7. According to the source, Zhou Yung Jun admitted his real identity, namely Zhou Yongjun, to the Chinese police on 7 November 2008. However, the Chinese authorities refused to register him under his real name. He was given a prisoner number 20 in Shenzhen First Detention Centre. In late November 2008, Zhou Yung Jun was transferred to Shenzhen Yantian Detention Centre under the name of Wang Hua.
8. On 8 May 2009, Zhou Yung Jun was officially arrested and for the first time accused of fraud under his real identity, namely Zhou Yongjun, by the Chinese police. He was then detained in the Public Detention Centre of Sichuan, Suining.
9. According to the source, Zhou Yung Jun was reportedly tortured in Shenzhen First Detention Centre, Shenzhen Second Detention Centre and Yantian Detention Centre. It was alleged that Zhou Yung Jun’s family was threatened by the Chinese authorities after they hired Mo Shaoping, an attorney based in Beijing who is famous for defending political dissidents. Under pressure, Zhou Yung Jun dismissed Mo Shaoping. Zhou Yung Jun was later assigned an attorney by the Chinese authorities. It was reported that his attorneys were not allowed to review the complete file of his case.
10. According to the source, Zhou Yung Jun was put on trial on 19 November 2009 in Shehong, Sichuan province. The source argued that the trial was held in a secret place under severe surveillance by police forces.
11. On 15 January 2010, Zhou Yung Jun was sentenced to nine years’ imprisonment and fined 80,000 yuan on the charge of attempted fraud in Shehong. Zhou Yung Jun has reportedly denied the charges and was to appeal his conviction.
12. Before his current arrest, Zhou Yung Jun had been arrested twice by the Chinese authorities. His first arrest took place in June 1989 after the Tiananmen pro-democracy movement. Zhou Yung Jun was reported to be a student leader and was elected as the chairman of the Autonomous Students Federation of Beijing Universities during the movement. He was officially charged with counter-revolutionary propaganda and incitement in March 1990. Two years after his arrest, in January 1991, Zhou Yung Jun was released. After his release in 1991, Zhou Yung Jun was refused registration by the local authorities of Sichuan. Since then he became an undocumented person.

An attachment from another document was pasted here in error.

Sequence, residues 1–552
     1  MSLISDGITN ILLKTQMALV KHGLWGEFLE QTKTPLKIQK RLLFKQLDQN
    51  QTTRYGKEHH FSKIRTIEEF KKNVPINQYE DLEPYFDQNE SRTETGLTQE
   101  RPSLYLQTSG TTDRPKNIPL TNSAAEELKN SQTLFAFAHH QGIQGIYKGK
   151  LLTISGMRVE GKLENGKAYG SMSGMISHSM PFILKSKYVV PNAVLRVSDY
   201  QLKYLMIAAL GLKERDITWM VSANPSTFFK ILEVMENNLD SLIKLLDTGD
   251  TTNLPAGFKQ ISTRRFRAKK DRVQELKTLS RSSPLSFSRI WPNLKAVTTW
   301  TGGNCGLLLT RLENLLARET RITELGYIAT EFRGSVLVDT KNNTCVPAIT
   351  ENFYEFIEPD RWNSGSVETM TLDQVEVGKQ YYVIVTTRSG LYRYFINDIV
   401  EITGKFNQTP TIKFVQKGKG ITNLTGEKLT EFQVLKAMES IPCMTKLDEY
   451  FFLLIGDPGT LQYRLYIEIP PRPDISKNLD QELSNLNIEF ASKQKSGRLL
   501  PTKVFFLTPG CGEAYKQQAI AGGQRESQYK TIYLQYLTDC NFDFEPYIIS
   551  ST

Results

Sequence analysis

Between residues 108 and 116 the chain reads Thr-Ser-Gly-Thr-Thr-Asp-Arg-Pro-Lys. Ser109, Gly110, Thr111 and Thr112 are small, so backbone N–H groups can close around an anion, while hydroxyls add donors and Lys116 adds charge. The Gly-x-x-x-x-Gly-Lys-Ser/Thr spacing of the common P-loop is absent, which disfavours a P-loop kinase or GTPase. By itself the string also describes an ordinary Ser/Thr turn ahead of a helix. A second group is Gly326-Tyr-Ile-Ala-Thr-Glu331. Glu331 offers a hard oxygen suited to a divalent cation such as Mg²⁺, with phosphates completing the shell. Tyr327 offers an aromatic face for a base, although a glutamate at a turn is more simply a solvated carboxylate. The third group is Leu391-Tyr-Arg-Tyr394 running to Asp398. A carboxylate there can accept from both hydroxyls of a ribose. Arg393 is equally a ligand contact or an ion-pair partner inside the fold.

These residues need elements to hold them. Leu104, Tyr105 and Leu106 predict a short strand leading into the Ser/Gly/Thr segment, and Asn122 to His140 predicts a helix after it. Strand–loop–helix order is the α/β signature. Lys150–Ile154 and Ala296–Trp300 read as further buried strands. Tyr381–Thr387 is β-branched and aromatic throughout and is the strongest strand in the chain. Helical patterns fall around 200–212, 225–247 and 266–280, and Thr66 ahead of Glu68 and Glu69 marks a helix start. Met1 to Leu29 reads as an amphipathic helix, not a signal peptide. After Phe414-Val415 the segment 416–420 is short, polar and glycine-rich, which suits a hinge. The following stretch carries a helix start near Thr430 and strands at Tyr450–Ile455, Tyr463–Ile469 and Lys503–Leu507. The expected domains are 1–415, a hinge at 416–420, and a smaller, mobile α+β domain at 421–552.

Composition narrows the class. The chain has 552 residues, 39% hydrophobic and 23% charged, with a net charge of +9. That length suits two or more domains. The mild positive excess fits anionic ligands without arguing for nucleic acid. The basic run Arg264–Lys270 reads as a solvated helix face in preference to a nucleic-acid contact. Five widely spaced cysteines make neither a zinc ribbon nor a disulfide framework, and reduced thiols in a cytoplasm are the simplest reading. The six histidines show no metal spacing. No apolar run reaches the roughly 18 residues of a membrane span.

13. In December 1998, Zhou Yung Jun was again arrested by the Chinese police in Guangzhou. He was reportedly sentenced to three years of re-education through labour without trial for the illegal exiting of China in 1992. It was reported that, during these three years, Zhou Yung Jun was tortured and forced to work in the labour camp.
14. After his release in 2001, the Chinese authorities allegedly refused to register him under his original identity. It was reported that, in 2002, the Chinese authorities registered Zhou Yung Jun under the name Zhou Yazhou with the date of birth 15 September 1967.
15. It was reported that in 2002, Zhou Yung Jun applied for naturalization in the United States of America. His application is pending before the United States Department of Homeland Security.
16. The source alleges that the detention of Zhou Yung Jun is arbitrary because it is devoid of any legal basis. In particular, the source submits that there is no legal basis for the Hong Kong immigration authorities to hand over Zhou Yung Jun, a third national or stateless person, to the Chinese police, because Hong Kong, as a special administrative region of China, remains judicially independent. It claims that the transferring of Zhou Yung Jun is in violation of the Hong Kong Basic Law of 1990 and Sino-British Joint Declaration on the question of Hong Kong of 1984.
17. The source asserts that Zhou Yung Jun should not have been put on trial in China for his alleged fraud because China has no jurisdiction over Zhou Yung Jun. It argues that the suspected act of fraud and consequences thereof did not take place within the territories of mainland China. It also argues that when Zhou Yung Jun was arrested, he had been refused Chinese citizenship by the Chinese authorities and was a permanent resident of the United States of America. In addition, the alleged victim of this case should be Hong Kong Hang Seng Bank or another overseas individual, neither a Chinese citizen nor China.